Riders compete in the men's BMX quarterfinals of the 2008 Beijing Olympic Games at the Laoshan BMX Venue, in Beijing on August 20, 2008.[Agencies]
BEIJING - Most of the big names made it through the early stages of the first Olympic BMX competition Wednesday, but not without a few spills along the way.
Three-time world champion Kyle Bennett of the United States was caught up in a crash in the third run of the quarterfinals and didn't complete the course. But he had enough points from the previous two runs to make it into Thursday's semifinals.
There were easier runs into the next round for current world champion Maris Strombergs of Latvia and world championship bronze medalist Sisifo Nhlapo of South Africa.
But the best performance of the day was given by Mike Day of the United States. He won all three of his quarterfinal runs and will have the choice of the starting lanes in the semifinals.
"Not to sound cocky, but everything's kind of coming naturally," Day said.
Day's compatriot Donny Robinson, the world's top-ranked male rider, also qualified from the same group.
Nhlapo has a strong chance of adding to the single silver medal that South Africa have won in the Olympics so far.
"I'm ecstatic. This is the Olympics," Nhlapo said after finishing top of his heat. "Everyone has got that dream in their head. I'm just ready for tomorrow."
The biggest name to fall was Luke Madill of Australia, who got caught up in a crash in the second run and finished last. His compatriot Jared Graves went through, however.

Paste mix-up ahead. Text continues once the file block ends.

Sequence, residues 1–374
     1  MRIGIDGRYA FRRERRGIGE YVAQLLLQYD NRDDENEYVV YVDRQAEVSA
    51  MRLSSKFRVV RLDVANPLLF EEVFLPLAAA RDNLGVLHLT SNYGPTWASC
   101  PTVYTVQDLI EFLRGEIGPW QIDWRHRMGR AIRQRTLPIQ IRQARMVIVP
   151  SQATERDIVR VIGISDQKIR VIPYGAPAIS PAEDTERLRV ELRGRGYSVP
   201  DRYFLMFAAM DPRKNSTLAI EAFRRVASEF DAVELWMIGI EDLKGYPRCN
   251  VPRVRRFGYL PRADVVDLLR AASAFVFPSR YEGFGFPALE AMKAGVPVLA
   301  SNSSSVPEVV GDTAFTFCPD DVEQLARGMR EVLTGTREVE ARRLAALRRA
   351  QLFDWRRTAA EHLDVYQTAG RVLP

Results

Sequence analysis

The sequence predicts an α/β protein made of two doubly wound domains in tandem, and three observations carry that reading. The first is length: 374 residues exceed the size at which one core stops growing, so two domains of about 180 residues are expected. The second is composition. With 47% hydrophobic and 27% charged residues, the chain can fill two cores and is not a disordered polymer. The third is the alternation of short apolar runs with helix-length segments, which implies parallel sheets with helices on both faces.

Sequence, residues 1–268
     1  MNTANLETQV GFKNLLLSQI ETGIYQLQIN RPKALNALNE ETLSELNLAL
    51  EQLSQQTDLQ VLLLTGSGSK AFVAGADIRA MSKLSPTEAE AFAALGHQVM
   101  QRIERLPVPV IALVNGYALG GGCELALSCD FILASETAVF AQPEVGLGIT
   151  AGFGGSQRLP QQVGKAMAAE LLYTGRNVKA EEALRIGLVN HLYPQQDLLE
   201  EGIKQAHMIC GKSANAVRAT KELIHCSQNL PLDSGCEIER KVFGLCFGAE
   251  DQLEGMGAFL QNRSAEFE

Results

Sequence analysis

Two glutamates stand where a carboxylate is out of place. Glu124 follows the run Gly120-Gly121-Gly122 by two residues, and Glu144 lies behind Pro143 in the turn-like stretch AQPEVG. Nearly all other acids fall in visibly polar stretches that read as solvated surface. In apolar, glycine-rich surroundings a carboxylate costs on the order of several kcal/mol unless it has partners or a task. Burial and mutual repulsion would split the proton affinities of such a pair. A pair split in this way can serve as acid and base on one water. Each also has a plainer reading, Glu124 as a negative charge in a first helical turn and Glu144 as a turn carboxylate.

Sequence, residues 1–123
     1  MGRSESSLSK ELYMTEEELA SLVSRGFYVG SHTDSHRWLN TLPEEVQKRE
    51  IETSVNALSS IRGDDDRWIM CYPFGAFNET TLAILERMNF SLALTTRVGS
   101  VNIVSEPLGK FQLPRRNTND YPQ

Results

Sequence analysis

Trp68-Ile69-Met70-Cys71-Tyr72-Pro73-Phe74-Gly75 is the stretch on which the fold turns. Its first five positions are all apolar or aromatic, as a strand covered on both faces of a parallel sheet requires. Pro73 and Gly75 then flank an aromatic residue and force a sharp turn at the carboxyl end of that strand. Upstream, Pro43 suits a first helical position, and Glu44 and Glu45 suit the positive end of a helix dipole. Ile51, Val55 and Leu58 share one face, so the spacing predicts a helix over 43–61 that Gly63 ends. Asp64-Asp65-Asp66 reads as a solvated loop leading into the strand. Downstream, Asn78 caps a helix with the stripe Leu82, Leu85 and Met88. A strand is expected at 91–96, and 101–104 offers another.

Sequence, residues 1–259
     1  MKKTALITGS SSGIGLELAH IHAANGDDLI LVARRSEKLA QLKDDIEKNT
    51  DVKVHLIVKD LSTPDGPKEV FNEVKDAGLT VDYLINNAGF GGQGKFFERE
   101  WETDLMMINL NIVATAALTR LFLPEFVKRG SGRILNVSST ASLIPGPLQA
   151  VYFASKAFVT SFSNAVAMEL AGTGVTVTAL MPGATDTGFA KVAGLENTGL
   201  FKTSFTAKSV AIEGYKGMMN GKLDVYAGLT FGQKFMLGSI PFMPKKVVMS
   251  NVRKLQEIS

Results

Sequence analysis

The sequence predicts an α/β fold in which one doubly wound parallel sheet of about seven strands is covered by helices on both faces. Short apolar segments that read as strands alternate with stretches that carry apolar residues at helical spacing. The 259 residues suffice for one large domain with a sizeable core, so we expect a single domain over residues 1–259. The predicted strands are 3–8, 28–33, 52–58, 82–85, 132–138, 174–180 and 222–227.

The women's competition was only at the qualifying stage, where riders compete singly against the clock, but it still had its share of crashes.
World champion Shanaze Reade of Britain came off on the first bend in the first round of qualifying and recorded the slowest time.
But she came back with a vengeance in the second round, recording the second-best time and ensuring a strong seeding for Thursday's medal competition.
"I don't know what happened. We looked at the videos and it's just one of those things," said Reade. "BMX can be unpredictable."
Asked if the crash in the first round had made her afraid for the second, she responded: "Never be afraid."
The top time was recorded by Anne-Caroline Chausson of France in the first run. But in her second run the world championship silver-medalist, in her final competitive race, also had to deal with a crash, arriving at the finish with her clothing ripped and dirty although she was apparently uninjured.
"All the girls are so motivated because it's the first Olympics for BMX," said Chausson. "It's all I've been thinking about for years."